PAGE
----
Kirk Brillon joined Spin VFX in 2009 as a compositing artist. He works on numerous projects such as JOHN WICK, THE SHALLOWS, SUICIDE SQUAD and the series THE BORGIAS and GAME OF THRONES.

What is your background?
I first studied art and computer science, from there I worked in a multitude of careers in Graphic design, photography, pre-visualization, as well as some teaching. Slowly I worked my way into visual effects and have been here ever since. I have Supervised on REIGN, THE TWILIGHT SAGA: BREAKING DAWN, GAME OF THRONES and THE BORGIAS.

How did you get involved on this show?
The show was first introduced to me through Neishaw (Spin VFX President Neishaw Ali), I loved and worked on the first movie so, not only was I happy to work on the second, I had an idea of the type of work they needed done.

How was the collaboration with director Chad Stahelski and VFX Supervisor Paul Linden?
We didn’t have direct contact with Chad Stahelski, our work was through Paul Linden. Paul is a great guy, he’s easy to get along with, he knew what he wanted and was very clear with communication.

What were their approaches about the visual effects?
Both Chad and Paul had a great vision for the show but allowed us wiggle room to design what we thought would work and go from there

What are the sequences made by Spin VFX?
We created a few scenes in the beginning of the film during the taxi/garage sequence, there were others throughout the film as well. The main sequences that we did were when the assassins were alerted to the bounty on John Wick and they all try to kill him. This included the infamous pencil fight scene. We also did the fight between Cassian and JW when they were on the balcony in Rome.

Can you explain in details about the Rome environment creation?
We were provided with a background image from production. In order to integrate the image with the numerous camera moves and change of perspective, we create a 2.5D matte painting projection.

The John Wick movies are bloody. How did you enhanced this gore aspect?
Almost every single shot with blood or gore was either enhanced or added in all together. We used elements from our 2D library as well as specifically created 3D effects for the more complicated shots.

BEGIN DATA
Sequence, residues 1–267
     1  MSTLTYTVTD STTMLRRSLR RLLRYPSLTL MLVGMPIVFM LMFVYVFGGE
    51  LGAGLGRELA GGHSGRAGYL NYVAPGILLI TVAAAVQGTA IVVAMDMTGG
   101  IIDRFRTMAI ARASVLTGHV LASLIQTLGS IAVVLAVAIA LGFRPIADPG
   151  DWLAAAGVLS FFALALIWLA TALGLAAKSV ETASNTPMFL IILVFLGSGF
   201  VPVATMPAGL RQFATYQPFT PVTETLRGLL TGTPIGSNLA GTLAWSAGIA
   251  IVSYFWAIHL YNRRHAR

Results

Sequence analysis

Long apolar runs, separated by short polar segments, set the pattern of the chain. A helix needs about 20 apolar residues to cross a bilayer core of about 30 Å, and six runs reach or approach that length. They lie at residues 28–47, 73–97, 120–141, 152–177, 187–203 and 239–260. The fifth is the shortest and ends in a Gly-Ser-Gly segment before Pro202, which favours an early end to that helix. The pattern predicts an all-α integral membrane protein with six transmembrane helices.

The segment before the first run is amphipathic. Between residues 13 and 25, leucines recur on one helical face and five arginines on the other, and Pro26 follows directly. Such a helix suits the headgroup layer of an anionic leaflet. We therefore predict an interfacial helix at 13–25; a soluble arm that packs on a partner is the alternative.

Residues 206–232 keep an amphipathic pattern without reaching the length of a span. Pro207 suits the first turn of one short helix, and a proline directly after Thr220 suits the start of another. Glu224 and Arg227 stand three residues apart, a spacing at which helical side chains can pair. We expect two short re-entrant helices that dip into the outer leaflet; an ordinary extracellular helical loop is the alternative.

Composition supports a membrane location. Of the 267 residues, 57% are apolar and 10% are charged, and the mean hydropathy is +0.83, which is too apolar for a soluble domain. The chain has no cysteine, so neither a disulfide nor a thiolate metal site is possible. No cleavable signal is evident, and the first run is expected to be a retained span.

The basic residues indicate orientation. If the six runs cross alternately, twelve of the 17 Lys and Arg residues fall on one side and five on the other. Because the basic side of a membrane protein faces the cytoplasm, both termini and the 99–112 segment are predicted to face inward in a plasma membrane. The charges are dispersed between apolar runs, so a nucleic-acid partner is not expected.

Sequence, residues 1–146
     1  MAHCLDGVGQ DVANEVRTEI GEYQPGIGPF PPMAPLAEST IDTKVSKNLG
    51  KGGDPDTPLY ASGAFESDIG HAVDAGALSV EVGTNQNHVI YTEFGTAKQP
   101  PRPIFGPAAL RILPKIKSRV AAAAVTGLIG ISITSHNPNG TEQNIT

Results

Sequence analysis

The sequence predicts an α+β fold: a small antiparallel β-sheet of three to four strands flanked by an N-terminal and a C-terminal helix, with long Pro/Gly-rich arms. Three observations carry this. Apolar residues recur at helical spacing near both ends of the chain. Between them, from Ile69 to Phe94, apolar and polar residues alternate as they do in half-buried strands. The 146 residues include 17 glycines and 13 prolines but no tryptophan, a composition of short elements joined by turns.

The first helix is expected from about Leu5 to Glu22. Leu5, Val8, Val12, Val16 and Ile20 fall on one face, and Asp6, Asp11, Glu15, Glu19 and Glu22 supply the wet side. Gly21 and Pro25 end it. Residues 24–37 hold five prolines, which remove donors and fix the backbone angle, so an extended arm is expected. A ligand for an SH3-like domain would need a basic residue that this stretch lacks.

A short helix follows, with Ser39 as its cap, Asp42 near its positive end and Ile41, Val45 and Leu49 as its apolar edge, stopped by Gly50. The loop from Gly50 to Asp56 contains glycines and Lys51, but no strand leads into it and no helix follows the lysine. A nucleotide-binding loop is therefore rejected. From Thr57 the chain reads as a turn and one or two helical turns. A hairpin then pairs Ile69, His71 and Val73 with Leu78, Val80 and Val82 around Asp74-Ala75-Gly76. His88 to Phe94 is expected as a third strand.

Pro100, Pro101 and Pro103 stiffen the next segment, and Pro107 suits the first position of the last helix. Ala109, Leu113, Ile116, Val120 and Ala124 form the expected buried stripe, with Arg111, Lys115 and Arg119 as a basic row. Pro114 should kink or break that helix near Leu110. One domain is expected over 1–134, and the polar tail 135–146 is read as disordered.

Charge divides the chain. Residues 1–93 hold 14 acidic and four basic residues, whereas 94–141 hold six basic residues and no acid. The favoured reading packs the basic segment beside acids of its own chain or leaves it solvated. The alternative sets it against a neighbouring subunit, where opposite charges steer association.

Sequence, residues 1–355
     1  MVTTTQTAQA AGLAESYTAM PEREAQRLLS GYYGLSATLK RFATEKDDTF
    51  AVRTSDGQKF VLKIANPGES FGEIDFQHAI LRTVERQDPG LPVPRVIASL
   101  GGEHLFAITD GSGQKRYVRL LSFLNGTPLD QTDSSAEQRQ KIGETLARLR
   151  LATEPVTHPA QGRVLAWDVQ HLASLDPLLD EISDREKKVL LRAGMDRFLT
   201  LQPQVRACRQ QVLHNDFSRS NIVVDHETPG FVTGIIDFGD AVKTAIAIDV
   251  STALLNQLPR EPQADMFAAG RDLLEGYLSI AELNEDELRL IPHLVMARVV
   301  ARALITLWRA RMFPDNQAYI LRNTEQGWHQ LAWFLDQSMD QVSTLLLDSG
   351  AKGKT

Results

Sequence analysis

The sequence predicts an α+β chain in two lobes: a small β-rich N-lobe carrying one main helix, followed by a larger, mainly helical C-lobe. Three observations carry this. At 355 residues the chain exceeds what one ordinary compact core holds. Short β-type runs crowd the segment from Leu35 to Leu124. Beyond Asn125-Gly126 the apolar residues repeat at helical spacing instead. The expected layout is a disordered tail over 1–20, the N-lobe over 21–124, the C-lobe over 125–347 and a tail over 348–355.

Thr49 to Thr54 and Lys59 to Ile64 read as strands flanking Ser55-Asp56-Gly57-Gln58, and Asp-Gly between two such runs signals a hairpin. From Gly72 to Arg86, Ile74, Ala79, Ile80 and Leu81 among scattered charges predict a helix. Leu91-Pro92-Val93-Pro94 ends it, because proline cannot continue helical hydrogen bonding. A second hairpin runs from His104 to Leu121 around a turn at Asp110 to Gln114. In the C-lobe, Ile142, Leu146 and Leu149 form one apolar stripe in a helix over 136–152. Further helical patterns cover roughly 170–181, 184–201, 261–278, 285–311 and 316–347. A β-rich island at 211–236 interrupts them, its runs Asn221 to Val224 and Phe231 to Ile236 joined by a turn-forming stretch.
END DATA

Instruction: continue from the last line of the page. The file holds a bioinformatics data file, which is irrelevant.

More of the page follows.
Did you received specific indications or references for the gore aspect?
There were a small amount of clips provided that gave us a good direction of the blood and gore they were looking for.

There is also a lot of muzzle flashes. Where you able to re-use some of the footages from the first John Wick?
While we were able to reuse a few elements from the first movie, new designs had to be made as the guns used were different firearms than the ones introduced in the first movie.

How did you created these various muzzle flashes and bullets hits?
We have our own in house library of elements so we were able to use some as a base, then improvised with various smoke and sparks as the shots required.

Can you tell us more about your work on the “pencil” sequence?
Spoilers, the pencil’s not real! There was a small, short rubber pencil that Keanu uses throughout the sequence that we replaced with a CG pencil and added blood and gore. This required match moving and partial scene removal to create realistic connection to his hand and entry wounds.

Is there another invisible effects you want to reveal to us?
A lot of the artwork and some art installations in the movie had to be removed or replaced with work that had been cleared.

Was there a shot or a sequence that prevented you from sleep?
After working in visual effects for several years creating the impossible, the only sleep you lose is in the late hours of production.

What was the main challenge on this show and how did you achieve it?
The main challenge was making the blood and effects realistic. We achieved this by using subtle integration.

What do you keep from this experience?
I enjoyed working on the show and wish it great success and we’re happy to hear there’s a confirmed JOHN WICK 3. Chad Stahelski and VFX Supervisor Paul Linden were a great team to work with.

How long have you worked on this show?
We began looking into the sequences in September of 2016, and final shots were delivered in January 2017.

What’s the VFX shots count?
Over 60.

What was the size of your team?
About 12.

What is your next project?
There are various projects I’m working on currently, though visual effects being what it is, it’s not something I can openly discuss.

What are the four movies that gave you the passion for cinema?
I was heavily influenced by sci fi adventures in my younger years that continue to inspire me today. A few examples being STAR WARS, BLADE RUNNER, INDIANA JONES and TRON.

A big thanks for your time.


Spin VFX: Official website of Spin VFX.

© Vincent Frei – The Art of VFX – 2017


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